The Department of Environmental Affairs was monitoring the recalled products, and products from retail had gone to City Deep for destruction. It was not known where the products from kitchens ended up, but there was no scientific evidence of those products being harmful. It was still a mystery as to how listeriosis ended up in South Africa. The WHO had advised the Department to apply measures to ensure it did not return. and The WHO realised that its Codex guidelines placed no limit on raw meat, as that product would still be subjected to heat when being cooked, but the Department still needed to be on the lookout so that when it came, it could be dealt with.

The letter to the port officials had specifically been for testing US meat. When the African Growth and Opportunity Act (AGOA) negotiations were concluded, the Department of Health had an additional role to play in testing imported products; however the Department of Agriculture had still continued doing testing when the letter was issued to withdraw surveillance at ports. The department was still waiting for results of the study being conducted by the Department of Trade and Industry on the impact of the disease on the economy.

Dr Molefe said that all new establishments needed to comply and be certified with the Hygiene Assessment Practical Control Point. They had to be able to identify the hazard themselves and put measures in place, and the government would assess their in-house system to make sure there were no hazardous products. Listeriosis and salmonella should be part of the HACCP analysis. Municipalities had assured the Department they would do their best in monitoring new establishments operating within their areas of jurisdiction. On the capacity of environmental practitioners, he said he would revert back to the Committee on that. The team was still continuing with the work, and there was a legislative review being done. There was an advert for a lawyer to look at all legislation and conduct an analysis to structure the work of the food safety agencies.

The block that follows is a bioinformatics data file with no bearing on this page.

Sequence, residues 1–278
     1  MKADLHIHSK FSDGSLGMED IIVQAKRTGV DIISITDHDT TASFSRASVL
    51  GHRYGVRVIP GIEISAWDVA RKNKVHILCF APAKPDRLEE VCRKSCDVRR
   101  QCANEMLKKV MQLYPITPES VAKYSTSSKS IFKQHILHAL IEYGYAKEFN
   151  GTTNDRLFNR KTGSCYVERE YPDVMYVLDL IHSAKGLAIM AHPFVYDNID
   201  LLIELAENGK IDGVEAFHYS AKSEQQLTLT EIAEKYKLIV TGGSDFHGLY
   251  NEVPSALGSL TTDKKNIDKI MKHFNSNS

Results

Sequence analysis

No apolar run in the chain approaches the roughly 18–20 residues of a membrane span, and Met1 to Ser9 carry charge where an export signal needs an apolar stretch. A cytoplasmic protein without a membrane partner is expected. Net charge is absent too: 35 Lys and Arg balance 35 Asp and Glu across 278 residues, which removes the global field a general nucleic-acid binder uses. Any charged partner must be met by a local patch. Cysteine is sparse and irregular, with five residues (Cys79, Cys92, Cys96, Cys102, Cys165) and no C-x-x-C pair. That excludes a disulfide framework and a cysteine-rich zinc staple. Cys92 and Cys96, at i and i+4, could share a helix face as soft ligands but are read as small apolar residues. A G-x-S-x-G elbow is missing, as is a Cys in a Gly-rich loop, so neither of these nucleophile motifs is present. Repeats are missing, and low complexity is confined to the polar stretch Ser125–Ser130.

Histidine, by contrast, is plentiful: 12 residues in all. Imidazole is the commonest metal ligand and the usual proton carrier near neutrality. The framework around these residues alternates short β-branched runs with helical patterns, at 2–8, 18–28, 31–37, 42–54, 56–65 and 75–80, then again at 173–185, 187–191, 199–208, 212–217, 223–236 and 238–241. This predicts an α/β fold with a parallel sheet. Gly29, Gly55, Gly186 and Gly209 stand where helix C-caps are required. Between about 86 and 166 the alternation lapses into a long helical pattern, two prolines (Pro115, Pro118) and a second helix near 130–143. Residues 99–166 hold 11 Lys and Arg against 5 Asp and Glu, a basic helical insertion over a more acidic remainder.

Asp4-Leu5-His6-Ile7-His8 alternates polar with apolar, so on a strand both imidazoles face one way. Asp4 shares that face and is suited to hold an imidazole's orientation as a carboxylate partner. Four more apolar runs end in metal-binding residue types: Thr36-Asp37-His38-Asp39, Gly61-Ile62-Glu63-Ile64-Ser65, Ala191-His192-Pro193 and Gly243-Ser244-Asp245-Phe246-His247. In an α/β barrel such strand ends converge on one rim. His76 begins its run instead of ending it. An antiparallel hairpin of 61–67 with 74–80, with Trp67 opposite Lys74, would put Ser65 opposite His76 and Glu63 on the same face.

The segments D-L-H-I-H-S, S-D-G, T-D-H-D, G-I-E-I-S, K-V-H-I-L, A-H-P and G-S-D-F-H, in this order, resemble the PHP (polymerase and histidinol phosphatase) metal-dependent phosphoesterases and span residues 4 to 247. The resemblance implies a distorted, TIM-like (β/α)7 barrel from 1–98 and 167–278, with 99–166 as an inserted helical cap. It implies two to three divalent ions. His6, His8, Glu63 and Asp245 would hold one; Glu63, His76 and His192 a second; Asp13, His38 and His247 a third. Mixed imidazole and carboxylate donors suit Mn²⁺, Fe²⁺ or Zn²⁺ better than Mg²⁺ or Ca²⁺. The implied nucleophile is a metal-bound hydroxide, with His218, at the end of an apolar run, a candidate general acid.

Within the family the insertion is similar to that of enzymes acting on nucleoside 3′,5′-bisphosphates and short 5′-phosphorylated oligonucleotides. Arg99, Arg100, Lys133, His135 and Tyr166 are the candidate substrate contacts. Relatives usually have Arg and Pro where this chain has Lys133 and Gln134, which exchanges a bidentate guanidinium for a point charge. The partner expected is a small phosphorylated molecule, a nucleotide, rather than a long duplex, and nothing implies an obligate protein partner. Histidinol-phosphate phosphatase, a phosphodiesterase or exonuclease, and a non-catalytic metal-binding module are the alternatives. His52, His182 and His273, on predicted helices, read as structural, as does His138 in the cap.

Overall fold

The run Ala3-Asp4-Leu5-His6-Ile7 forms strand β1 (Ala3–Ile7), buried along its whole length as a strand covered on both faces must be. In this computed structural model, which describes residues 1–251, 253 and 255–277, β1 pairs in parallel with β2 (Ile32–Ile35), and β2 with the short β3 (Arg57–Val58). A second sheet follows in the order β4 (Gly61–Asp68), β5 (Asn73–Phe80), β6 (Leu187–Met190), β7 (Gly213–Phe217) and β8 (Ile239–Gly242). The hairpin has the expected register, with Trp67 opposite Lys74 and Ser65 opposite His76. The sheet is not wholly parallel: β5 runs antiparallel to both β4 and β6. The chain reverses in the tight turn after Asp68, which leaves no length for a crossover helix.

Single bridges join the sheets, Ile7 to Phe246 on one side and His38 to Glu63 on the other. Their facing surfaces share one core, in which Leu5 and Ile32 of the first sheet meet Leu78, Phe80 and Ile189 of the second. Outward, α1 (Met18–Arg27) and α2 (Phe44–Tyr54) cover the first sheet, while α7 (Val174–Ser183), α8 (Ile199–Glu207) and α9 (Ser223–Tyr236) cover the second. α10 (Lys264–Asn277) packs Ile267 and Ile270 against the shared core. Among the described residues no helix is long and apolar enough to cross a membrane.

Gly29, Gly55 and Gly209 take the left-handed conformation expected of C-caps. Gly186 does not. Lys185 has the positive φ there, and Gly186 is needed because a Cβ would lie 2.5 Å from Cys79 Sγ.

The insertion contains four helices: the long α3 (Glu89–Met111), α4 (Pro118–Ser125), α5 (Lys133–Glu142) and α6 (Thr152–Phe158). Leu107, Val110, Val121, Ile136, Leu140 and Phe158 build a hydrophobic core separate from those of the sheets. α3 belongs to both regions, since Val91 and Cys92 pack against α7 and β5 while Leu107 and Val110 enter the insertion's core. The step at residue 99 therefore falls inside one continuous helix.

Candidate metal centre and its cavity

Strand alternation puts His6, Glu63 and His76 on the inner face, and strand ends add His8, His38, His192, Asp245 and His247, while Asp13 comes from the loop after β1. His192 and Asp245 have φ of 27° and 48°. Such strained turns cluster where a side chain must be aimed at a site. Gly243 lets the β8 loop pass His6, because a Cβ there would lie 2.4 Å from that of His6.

Mr N Capa (ANC) wanted to know whether they were still continuing to investigate the source of the outbreak. It seemed like the DAFF was not sure whether to continue investigating the source of the listeria outbreak, but finding out would assist in preventing future diseases.

Dr Molefe clarified that investigating the source still continued through surveillance, and when it was found it would make future detection easier. However, the Enterprise source could have been in the facility years ago and been hiding until it came out. The municipalities and other stakeholders were still seeking the answer through surveillance.

Ms Steyn mentioned that listeriosis could mutate over time, so were they testing specifically for the ST6 strain? Would there be another campaign to ensure that people were more conscious of the food types that are eaten among and within communities?

Dr Molefe responded that according to experts, ST6 could not be another ST type, as there were various ST types, and testing would tell one which type of listeria it was. However, any listeria had the potential to make people sick, and even with non-ST6 listeria one still needed to react in terms of the Foodstuffs, Cosmetics and Disinfectant Act. There should be no contaminants in ready-to-eat products. They were working with industry to deal with pathogens while they were still on the farms, including vaccination, and there was less salmonella on skins. Engagement with industry was still ongoing.

The Chairperson emphasised that the work in addressing listeria, and any outbreak that might come, should not stop. The government needed to assist in building capacity and also monitor informal markets, as the majority of people got their food from there. This presentation should be shared with other ministries and the lessons learnt would make the government more responsive.

DAFF quarterly performance report  

Ms Ellen Matsei, Director: Statistics and Economic Analysis, DAFF, took the Committee through the background of the past 18 months regarding agricultural production after the low production in 2016. The Western Cape drought had dragged on, but the water situation had improved. The late harvests had also impacted on economic productivity, particularly maize. Among the biggest drivers of the agricultural economy were maize and sunflowers. There was a lower outlook for maize this year as the pace was slower because of the late harvest, and some of the stock was still in the silos.

Some of the crops affected by drought in the Western Cape, like wine grapes and fruit, had impacted on export earnings, as any slight decline had a significant effect. The fruit and vegetables produced in the province had Cape had taken a serious knock, and the citrus numbers were not too positive. The cattle and poultry sectors were stable in production. There had been lots of slaughtering of cattle during the drought, but farmers had started acquiring more livestock stock after the drought. The gross income per agricultural sub-sector had been impacted mainly because of the drought, and the supply of meat was improving.